Tuesday, March 16, 2004

What *is* the Ideal Man?

The Ideal Man! Oh, the Ideal Man should talk to us as if we were goddesses, and treat us as if we were children. He should refuse all our serious requests, and gratify everyone of our whims. He should encourage us to have caprices, and forbid us to have missions. He should always say much more than he means, and mean much more than he says. He should never run down other pretty women. That would show he has no taste, or make one suspect that he had too much. No; he should be nice about them all, but say that somehow they don't attract him. If we question him about anything, he should give us an answer all about ourselves. He should invariably praise us for whatever qualities he knows we haven't got. But he should be pitiless, quite pitiless, in reproaching us for the virtues that we never dreamed of possessing. He should never believe that we know the use of useful things. That would be unforgivable. But he should shower on us everything we don't want. He should consistently compromise us in public, and treat us with absolute respect when we're alone. And yet he should always be ready to have a perfectly terrible scene, whenever we want one, and to become miserable, absolutely miserable, at a moment's notice, and to overwhelm us with just reproaches in less than twenty minutes, and to be positively violent at the end of half an hour, and to leave us forever at quarter to eight, when we have to go and dress for dinner. And when, after that, one has seen him for really the last time, and he has refused to take back the little things he has given one, and promised never to communicate with one again, or to write any foolish letters, he should be perfectly broken-hearted, and telegraph one all day long, and send one little notes every half an hour by a private hansome, and dine quite alone at the club, so that everyone should know how unhappy he was. And after a whole dreadful week, during which one has gone about everywhere with one's husband, just to show how absolutely lonely one was, he may be given a third last parting, in the evening then, if his conduct has been quite irreproachable, and one has behaved really badly to him, he should be allowed to admit he was entirely wrong, and when he has admitted that, it becomes the woman's duty to forgive, and one can do it all over from the beginning, with variations.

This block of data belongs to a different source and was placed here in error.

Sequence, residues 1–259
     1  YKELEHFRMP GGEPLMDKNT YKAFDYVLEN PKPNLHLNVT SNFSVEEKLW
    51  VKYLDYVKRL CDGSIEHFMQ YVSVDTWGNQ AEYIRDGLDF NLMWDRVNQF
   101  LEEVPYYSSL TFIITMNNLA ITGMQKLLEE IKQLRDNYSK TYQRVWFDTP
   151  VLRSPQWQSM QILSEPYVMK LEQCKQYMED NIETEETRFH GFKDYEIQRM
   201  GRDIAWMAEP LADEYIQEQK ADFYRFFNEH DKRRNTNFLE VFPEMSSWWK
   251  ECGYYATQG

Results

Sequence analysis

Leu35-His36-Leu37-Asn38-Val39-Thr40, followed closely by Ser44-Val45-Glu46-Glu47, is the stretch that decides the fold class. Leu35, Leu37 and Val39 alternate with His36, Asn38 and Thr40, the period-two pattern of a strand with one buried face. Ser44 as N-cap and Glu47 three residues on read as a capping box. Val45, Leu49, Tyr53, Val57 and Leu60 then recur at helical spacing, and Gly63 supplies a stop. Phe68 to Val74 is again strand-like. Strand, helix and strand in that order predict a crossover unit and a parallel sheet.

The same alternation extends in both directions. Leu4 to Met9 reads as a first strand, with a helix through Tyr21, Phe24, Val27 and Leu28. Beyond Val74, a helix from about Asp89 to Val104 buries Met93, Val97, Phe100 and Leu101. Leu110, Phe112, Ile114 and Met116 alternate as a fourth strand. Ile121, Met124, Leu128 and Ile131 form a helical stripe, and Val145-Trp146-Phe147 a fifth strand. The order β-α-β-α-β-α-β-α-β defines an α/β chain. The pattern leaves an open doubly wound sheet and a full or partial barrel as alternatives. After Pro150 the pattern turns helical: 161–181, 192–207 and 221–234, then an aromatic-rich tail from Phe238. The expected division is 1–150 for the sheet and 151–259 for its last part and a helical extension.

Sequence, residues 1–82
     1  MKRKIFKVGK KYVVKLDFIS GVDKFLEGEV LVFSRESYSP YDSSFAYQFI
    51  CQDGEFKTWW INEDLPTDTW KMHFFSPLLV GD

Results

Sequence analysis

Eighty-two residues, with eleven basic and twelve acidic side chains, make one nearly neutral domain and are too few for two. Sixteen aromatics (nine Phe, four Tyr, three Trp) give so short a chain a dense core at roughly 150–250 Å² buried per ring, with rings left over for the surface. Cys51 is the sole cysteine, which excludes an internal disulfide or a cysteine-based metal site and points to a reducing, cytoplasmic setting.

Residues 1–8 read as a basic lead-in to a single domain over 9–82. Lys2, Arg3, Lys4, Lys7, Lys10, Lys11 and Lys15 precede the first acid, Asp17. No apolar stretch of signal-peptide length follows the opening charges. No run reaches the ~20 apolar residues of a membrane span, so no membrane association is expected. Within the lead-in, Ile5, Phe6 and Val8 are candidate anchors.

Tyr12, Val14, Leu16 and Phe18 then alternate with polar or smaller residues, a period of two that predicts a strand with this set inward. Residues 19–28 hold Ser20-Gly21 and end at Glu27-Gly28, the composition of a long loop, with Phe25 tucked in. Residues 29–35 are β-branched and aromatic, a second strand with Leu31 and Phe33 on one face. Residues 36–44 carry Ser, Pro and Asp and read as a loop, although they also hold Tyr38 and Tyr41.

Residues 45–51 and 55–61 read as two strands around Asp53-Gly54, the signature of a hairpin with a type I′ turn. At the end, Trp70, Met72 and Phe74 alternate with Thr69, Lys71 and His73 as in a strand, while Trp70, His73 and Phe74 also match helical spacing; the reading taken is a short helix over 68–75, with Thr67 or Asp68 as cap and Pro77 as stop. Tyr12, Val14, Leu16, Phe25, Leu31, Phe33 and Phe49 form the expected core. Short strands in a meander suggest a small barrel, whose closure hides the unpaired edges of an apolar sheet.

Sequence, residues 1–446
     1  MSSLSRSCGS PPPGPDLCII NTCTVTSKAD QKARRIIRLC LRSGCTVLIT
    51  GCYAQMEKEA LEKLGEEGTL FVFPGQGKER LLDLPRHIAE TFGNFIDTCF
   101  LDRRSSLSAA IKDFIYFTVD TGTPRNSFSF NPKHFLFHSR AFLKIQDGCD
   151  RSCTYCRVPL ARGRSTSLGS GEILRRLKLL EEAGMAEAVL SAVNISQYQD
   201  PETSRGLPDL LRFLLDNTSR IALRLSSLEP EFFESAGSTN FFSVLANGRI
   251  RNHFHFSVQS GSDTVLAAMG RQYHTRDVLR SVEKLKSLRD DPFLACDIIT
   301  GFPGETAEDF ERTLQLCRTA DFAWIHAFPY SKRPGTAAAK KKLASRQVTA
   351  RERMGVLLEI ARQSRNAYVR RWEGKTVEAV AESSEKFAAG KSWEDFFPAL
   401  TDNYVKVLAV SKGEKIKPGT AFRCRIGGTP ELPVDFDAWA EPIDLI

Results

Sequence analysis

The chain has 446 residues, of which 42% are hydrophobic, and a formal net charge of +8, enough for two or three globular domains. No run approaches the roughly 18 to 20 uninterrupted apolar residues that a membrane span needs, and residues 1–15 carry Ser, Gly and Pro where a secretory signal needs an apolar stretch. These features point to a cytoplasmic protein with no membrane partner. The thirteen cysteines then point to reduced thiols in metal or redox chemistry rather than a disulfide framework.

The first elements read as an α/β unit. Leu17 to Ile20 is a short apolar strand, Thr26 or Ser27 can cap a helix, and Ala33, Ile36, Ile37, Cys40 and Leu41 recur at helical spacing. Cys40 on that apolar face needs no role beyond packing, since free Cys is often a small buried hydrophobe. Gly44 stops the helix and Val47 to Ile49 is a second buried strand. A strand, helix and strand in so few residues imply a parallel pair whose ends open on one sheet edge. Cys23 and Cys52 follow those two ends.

So, according to Oscar Wilde, here you have it. Although when Tina was reading it the other night, she seemed to embrace the ideal as if it were her own! hmmmmm.

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